What do my employees receive if I contribute to the City Option on their behalf?

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The City Option allows employers to contribute to the City’s public benefit program on behalf of their employees. Based on the information the employer provides, employees will be provided one of two health benefits:

  1. Healthy San Francisco (HSF) – If an employee is eligible for Healthy San Francisco (HSF), the employer’s payment may be applied towards the Employee’s HSF enrollment, and the employee may receive a discount on HSF program participation fees. HSF is not health insurance. HSF provides limited services and providers for medical care.

    To be eligible for HSF, the employee must:
    a. Live in San Francisco,
    b. Be uninsured for at least 90 days,
    c. Be age 18 or over, and
    d. Not qualify for public health insurance programs (such as Medi-Cal).

  2. Medical Reimbursement Accounts (MRAs) – If the employee is not eligible for HSF, the employer’s contribution is deposited in an irrevocable medical reimbursement account – MRA. Employees can obtain reimbursements from their MRAs for a full range of medical, dental, and vision expenses, including reimbursements for the cost of insurance premiums. The contributed funds remain available to the employee, and the employee may seek reimbursements for health care expenses from their remaining MRA balance at any time.

Can an employer allocate Health Care Expenditures for employees then recover any unused funds?

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For hours payable on and after January 1, 2017, only irrevocable Health Care Expenditures shall be counted toward the Employer Spending Requirement.  In other words, only money actually spent on employee health care can be counted toward compliance with the HCSO.  This means that the employer cannot retain or recover any portion of the funds at any time, even if the employee leaves the job or if the business ceases to operate.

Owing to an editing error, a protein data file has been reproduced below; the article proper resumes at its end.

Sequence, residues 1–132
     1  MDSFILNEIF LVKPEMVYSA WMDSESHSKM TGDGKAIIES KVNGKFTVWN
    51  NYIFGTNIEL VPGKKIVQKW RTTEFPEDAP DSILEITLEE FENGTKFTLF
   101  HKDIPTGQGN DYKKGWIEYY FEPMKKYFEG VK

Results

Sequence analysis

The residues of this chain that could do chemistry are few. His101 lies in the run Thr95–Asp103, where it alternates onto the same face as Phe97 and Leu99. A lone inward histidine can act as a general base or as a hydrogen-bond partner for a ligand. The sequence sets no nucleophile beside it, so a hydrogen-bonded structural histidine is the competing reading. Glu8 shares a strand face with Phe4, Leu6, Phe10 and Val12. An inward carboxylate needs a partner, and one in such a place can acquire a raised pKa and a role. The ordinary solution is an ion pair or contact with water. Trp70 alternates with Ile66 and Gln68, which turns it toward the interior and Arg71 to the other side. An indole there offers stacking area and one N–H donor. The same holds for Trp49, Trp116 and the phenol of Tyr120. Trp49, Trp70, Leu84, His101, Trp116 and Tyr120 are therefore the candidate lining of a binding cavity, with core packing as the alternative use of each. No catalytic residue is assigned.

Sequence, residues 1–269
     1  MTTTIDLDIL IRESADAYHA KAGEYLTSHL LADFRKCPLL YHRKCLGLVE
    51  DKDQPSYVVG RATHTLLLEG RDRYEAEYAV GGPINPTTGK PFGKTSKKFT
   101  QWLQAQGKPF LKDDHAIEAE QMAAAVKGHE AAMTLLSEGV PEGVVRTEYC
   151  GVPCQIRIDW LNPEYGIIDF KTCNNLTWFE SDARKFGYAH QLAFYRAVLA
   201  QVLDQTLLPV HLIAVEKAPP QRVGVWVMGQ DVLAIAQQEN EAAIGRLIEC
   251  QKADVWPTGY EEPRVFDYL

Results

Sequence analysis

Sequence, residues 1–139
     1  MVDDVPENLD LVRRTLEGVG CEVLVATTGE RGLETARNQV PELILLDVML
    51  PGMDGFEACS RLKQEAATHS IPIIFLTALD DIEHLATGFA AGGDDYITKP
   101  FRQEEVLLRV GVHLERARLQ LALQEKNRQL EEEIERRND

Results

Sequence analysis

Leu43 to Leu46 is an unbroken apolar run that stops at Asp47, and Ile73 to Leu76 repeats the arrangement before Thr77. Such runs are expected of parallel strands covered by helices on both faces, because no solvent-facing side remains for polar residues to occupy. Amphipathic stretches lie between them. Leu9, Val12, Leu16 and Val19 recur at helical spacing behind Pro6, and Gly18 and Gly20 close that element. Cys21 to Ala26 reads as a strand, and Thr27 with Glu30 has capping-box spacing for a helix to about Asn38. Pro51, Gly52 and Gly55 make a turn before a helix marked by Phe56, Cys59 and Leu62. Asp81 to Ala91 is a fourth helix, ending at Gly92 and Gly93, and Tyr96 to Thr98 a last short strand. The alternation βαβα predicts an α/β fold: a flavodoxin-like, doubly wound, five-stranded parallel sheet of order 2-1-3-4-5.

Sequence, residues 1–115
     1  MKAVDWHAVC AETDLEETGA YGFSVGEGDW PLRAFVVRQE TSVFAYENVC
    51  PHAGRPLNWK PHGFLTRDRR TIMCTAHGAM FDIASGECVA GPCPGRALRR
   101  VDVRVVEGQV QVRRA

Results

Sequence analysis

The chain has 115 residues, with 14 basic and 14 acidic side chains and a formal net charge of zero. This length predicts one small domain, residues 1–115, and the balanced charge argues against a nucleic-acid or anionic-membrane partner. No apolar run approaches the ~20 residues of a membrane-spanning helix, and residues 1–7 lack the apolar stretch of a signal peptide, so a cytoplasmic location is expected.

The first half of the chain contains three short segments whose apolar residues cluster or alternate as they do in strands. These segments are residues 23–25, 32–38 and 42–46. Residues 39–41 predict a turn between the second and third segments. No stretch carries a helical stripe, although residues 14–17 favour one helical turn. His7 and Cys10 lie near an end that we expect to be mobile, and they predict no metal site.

Health Reimbursement Arrangements (HRAs), as defined in IRS Publication 969, including excepted benefit HRAs and integrated HRAs, are considered revocable expenditures because the employer has the option to recover any unused funds at some point.

 

For an allocation of funds to a reimbursement arrangement to be counted toward the spending requirement, the funds must be actually paid over to a third-party trustee who has control over these funds in perpetuity or until the employee exhausts the funds through submitting claims.  The employer must have no access to, or control over, these funds and no possibility of ever recovering them.

 

Examples of Irrevocable Expenditures:

 

Note:  Employers will have until January 30, 2017 to make the required health care expenditures for the fourth quarter of 2016; 20% of expenditures for that quarter will still be permitted to be made revocably.

What is the minimum length of time a revocable expenditure needs to be available before the employer can reclaim unused funds?

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Revocable expenditures count toward the Employer Spending Requirement provided the employer does not reclaim any part of the expenditure before the earliest of –

  1. 24 months from the date of the expenditure*; or
  2. 90 days after the employee separates from employment, provided they receive a separation notice; or
  3. For revocable expenditures made for hours payable prior to January 1, 2014, the date that the Covered Employee knowingly, voluntarily, and permanently waives in writing the unused portion of such expenditure.

*Funds contributed to a Flexible Spending Account do not count as a Health Care Expenditure, because these funds only remain available to the employee for one calendar year. In order to qualify as a Health Care Expenditure, a revocable expenditure cannot be revoked for a minimum of twenty-four months (if the Covered Employee remains employed).